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Sunday, October 10, 2010

Copic Markers=LOOVE!!

**Warning--this is a bit of a long post--there is a LOT to say about Copics.  So, get comfy, a cup of tea or whatever your choice of beverage and if you have a partner or children tell them to shh--or better yet, go out for a while *teehee*!!! You've got an important work email blog post to read :)**

Hi there!

Ok, so I'm just going to come out and start this post by saying something truly truly shocking...I am so in love with Copic markers, that it's borderline inappropriate!! LOL. I mean honestly, a desk covered (or surrounded neatly-depending on how you work :)) by Copic markers?!

this is my happy place *ahhhh*

I'm fairly new to Copics, but I've had a few images I've colored come out super-nicely and the rest are all really good, despite my terribly low skill level :). The markers just seem to make everything look good, no matter what you do. I love that even if you're not happy with how something looks, you can just keep going over and over until you get what you need or want.
This was maybe the first card I made with my Copics;

I spent some time on her hair and was very happy with the results; the dress and flowers however, I kept simple.  Can you see how up-close, her hair is  obviously made from at least 2 colors? (in the previous card it looks much more natural from a 'normal' distance)

this is one of my earlier cards. Only the second time I'd used my Copics.

see how up close the shading on her dress is nice but not quite blended enough? Her hair however, I'm proud to say looks good.

When I first heard about Copics I thought, what's the big deal? Aren't markers just markers? Well in short--NO!! Copic's are just astonishingly good to work with. Being alcohol based means that they blend beautifully AND (a big plus for me) the paper won't 'pill up' (when the weave of the paper starts to break down and you get little tiny balls of paper start to show up) if you go over your coloring more than once. (I hate it when my paper pills up). I thought the standard price of $7 or $8 each was pretty decent given that they're given such a great guarantee AND you can get refills...but then I went on to the a2z site and I nearly choked on my Distress ink water, when I saw how cheap they are there!!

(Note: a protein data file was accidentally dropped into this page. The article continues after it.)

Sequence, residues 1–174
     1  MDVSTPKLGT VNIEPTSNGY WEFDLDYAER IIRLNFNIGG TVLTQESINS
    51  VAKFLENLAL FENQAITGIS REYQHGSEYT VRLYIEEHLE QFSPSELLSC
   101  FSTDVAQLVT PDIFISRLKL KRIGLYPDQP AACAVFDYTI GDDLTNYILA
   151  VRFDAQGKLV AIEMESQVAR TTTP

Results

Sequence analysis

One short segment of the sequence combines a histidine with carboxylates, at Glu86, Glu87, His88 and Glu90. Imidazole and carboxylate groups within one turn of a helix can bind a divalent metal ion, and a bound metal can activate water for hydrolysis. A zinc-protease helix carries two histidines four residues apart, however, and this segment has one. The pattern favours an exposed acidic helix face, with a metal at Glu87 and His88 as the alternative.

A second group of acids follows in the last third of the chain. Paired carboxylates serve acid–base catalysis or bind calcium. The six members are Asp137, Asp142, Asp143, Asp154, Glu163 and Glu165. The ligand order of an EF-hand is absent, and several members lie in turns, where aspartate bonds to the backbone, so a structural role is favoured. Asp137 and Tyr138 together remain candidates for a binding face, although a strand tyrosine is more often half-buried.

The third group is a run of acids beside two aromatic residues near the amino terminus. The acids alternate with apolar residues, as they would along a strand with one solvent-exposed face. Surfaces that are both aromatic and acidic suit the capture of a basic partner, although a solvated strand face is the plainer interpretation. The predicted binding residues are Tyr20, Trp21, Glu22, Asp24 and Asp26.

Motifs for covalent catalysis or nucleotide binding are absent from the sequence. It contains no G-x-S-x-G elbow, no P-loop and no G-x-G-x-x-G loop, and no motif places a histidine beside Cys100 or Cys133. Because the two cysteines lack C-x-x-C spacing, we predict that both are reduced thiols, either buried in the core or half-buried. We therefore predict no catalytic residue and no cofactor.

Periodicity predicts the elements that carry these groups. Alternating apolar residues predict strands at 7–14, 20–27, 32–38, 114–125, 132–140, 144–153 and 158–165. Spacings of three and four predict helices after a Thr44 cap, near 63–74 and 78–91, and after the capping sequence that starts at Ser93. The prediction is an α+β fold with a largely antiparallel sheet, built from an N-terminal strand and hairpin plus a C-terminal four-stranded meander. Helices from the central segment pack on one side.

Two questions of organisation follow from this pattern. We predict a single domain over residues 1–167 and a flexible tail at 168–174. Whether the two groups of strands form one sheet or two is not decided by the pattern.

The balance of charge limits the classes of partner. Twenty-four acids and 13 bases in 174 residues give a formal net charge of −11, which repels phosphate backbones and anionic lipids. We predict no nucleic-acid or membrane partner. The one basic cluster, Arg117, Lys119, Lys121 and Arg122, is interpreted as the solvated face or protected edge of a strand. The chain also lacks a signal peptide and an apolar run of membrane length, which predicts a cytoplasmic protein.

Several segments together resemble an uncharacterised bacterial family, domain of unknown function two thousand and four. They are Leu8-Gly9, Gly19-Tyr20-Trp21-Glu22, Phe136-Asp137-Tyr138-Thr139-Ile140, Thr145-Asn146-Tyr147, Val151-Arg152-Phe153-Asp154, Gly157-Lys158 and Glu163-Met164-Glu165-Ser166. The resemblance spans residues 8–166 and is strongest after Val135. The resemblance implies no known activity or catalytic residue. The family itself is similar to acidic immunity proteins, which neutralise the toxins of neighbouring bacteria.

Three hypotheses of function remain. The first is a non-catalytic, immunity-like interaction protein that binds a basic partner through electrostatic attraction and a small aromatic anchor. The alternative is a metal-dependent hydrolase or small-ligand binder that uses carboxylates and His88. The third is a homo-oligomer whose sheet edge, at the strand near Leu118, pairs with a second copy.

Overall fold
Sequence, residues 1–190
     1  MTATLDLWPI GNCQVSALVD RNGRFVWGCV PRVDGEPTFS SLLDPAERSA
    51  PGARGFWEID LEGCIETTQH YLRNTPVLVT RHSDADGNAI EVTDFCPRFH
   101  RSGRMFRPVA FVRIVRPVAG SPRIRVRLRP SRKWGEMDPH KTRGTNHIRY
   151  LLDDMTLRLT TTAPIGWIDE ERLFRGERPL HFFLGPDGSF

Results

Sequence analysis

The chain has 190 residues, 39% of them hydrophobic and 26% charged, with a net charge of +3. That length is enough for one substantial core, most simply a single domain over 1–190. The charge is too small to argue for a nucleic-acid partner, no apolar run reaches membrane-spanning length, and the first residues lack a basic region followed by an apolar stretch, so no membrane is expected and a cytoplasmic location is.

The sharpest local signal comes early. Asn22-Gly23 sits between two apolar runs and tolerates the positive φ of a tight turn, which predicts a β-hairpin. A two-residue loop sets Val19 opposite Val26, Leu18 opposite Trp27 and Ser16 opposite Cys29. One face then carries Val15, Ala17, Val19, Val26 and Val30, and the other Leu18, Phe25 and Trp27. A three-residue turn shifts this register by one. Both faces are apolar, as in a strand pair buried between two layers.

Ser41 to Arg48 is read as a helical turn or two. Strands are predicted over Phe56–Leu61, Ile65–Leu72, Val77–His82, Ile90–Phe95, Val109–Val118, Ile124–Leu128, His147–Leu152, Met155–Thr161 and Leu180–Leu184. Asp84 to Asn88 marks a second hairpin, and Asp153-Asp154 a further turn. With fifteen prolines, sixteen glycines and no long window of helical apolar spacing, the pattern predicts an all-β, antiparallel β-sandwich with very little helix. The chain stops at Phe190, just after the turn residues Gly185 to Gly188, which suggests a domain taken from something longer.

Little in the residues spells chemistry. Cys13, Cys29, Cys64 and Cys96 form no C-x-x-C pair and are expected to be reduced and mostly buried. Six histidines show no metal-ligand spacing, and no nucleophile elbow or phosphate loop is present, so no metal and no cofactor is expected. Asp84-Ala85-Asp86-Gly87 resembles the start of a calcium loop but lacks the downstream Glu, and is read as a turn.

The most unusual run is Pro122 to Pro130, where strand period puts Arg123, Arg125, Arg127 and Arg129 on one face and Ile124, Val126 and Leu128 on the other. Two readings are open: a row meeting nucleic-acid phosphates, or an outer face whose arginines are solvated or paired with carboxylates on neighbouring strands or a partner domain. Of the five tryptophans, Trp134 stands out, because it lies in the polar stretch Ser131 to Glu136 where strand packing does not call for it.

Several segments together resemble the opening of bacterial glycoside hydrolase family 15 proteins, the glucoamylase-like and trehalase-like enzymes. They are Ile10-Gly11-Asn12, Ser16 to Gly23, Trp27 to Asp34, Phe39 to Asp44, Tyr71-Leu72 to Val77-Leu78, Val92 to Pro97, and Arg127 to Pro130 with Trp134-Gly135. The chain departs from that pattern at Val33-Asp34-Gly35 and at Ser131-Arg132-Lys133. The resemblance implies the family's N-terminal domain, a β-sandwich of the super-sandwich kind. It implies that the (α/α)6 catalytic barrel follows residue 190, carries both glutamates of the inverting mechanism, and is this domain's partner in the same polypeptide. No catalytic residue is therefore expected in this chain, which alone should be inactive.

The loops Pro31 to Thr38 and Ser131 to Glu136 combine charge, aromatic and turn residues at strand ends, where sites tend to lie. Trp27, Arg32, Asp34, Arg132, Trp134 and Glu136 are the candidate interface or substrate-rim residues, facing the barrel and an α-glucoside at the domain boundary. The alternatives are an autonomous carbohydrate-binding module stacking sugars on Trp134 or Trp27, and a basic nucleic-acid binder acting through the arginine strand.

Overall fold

Now to start with, you HAVE to have great paper to color on. This really does make a difference. Not only will the ink 'stay true' better, but it wont soak through as much and this gives you more freedom. The Copic Marker X-Press Blending Card is A-MA-ZING.

There are probably a whole range of stats and specs and information-based tid-bits that I could give you on how the paper is made, why it's better, what the difference is, but really...does it matter? Long story short, it makes everything look incredible.  Even if your coloring is more "interesting" than that of a 1st grader.Get Some...Now...No, not NOW now, when you're finished reading this now :)

Before I get into the sets, a couple of things to know about Copics (just the basics).
  • There are about 5 kinds of marker (shape-wise). The most popular, the Ciao and the Sketch are in store HERE.
  • The difference between the Ciao and the Sketch: Ciao has a round body, Sketch has an oval body (thus, doesn't roll off your work surface). 
  • Sketch can be used with the Copic Air Compressor Ciao can't.  
  • The Ciao's are slightly cheaper and there are less colors available.
  • You CAN combine the two when coloring. (The BG10 color in sketch is identical to BG10 in Ciao)
  • Both styles have the same nibs. One end is a brush style, the other is a wedge for coloring larger surface area.  (Personally, I've never used the wedge as I've only colored small, intricate images, but that doesnt' mean I wont ever use it.)